Background: Cortical neural correlates of ongoing cognitive decline in Parkinson's disease (PD) have been suggested; however, the role of subcortical structures in longitudinal change of cognitive dysfunction in PD has not been fully investigated. Here, we used automatic analysis to explore subcortical brain structures in patients with PD with mild cognitive impairment that converts into PD with dementia. Methods: One hundred eighty-two patients with PD with mild cognitive impairment were classified as PD with mild cognitive impairment converters (n = 74) or nonconverters (n = 108), depending on whether they were subsequently diagnosed with dementia in PD. We used surface-based analysis to compare atrophic changes of subcortical brain structures between PD with mild cognitive impairment converters and nonconverters. Results: PD with mild cognitive impairment converters had lower cognitive composite scores in the attention and frontal executive domains than did nonconverters. Subcortical shape analysis revealed that PD with mild cognitive impairment converters had smaller local shape volumes than did nonconverters in the bilateral thalamus, right caudate, and right hippocampus. Logistic regression analysis showed that local shape volumes in the bilateral thalamus and right caudate were significant independent predictors of PD with mild cognitive impairment converters. In the PD with mild cognitive impairment converter group, thalamic local shape volume was associated with semantic fluency and attentional composite score. Conclusions: The present data suggest that the local shape volumes of deep subcortical structures, especially in the caudate and thalamus, may serve as important predictors of the development of dementia in patients with PD.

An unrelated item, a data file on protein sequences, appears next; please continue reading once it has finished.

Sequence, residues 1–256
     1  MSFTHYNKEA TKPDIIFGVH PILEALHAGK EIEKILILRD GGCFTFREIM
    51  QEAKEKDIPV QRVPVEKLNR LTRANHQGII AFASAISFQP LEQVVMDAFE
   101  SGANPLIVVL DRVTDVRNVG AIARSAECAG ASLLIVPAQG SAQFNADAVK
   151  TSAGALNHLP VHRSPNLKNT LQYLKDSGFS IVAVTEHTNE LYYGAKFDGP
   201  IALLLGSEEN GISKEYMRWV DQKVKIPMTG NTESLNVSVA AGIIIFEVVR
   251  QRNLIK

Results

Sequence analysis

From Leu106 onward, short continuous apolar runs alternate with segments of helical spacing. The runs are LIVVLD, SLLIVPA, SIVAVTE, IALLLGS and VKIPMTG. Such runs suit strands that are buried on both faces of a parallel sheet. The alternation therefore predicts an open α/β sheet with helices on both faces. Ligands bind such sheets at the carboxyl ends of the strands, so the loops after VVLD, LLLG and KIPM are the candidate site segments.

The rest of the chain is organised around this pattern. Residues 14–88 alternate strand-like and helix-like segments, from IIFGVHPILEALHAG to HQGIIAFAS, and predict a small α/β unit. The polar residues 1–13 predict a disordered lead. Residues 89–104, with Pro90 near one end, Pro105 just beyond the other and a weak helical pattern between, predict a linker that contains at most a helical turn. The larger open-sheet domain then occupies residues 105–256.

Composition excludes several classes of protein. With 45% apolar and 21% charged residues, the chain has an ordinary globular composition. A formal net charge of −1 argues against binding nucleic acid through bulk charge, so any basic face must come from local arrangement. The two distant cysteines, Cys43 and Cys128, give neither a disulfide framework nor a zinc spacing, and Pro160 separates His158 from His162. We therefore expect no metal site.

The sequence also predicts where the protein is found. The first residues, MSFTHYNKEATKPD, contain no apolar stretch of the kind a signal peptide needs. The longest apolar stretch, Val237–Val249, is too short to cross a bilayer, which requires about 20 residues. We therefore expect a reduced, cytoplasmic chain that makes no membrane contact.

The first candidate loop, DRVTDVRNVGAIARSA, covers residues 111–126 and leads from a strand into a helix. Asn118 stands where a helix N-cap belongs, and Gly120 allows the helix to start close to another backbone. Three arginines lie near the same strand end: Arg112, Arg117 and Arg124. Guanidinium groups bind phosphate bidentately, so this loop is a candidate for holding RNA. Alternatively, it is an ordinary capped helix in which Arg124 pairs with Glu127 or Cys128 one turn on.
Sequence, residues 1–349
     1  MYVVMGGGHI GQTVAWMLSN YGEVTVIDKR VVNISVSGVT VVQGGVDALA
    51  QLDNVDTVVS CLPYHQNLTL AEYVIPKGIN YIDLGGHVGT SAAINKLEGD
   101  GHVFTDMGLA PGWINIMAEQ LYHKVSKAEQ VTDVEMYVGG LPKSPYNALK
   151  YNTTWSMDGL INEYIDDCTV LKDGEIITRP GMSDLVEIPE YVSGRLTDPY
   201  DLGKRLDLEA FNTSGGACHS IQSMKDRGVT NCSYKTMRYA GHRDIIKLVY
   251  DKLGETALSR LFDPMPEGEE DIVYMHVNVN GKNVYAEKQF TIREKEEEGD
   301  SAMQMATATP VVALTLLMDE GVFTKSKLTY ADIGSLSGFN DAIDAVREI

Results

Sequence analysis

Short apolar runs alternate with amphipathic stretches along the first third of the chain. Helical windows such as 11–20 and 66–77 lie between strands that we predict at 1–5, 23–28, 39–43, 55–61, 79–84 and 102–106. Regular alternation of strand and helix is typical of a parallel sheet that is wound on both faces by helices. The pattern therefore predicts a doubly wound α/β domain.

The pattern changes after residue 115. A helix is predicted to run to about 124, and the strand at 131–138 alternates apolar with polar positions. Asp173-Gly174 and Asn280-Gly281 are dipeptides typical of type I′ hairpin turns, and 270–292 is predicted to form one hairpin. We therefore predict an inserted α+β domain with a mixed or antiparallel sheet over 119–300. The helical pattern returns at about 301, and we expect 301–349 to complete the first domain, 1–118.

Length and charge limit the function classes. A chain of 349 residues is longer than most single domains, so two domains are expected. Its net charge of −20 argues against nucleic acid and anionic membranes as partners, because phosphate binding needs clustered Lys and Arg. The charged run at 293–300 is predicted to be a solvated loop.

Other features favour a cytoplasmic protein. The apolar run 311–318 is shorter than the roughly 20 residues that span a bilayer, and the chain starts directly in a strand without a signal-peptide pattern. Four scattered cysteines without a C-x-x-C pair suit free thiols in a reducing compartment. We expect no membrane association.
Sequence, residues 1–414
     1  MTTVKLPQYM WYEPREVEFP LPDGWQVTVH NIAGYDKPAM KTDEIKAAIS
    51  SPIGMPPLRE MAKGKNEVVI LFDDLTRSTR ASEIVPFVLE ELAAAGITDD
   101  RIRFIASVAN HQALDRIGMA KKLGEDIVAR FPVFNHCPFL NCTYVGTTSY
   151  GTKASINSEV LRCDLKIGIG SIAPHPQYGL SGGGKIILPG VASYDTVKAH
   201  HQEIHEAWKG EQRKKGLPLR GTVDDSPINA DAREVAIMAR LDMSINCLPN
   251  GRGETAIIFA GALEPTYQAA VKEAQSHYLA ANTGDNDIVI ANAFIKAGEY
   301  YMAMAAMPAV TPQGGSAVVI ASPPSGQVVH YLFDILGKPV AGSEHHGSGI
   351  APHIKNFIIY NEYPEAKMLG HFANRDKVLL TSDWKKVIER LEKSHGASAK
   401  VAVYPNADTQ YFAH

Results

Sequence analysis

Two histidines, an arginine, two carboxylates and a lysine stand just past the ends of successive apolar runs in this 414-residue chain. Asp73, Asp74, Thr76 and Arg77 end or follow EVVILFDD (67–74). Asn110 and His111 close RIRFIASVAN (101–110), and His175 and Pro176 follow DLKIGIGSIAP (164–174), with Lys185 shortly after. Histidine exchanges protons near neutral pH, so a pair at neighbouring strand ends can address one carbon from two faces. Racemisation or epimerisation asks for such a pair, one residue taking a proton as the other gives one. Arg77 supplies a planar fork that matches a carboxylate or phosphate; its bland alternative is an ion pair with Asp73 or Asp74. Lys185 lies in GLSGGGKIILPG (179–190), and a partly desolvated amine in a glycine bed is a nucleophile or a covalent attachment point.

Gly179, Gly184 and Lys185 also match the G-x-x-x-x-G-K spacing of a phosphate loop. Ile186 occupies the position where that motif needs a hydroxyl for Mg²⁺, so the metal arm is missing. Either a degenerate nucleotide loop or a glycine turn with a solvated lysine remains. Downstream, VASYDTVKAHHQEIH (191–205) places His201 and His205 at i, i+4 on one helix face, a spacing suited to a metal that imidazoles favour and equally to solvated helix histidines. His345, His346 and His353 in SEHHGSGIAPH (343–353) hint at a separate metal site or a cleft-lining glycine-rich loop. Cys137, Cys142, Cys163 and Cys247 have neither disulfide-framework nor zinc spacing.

All Science Journal Classification (ASJC) codes
- Clinical Neurology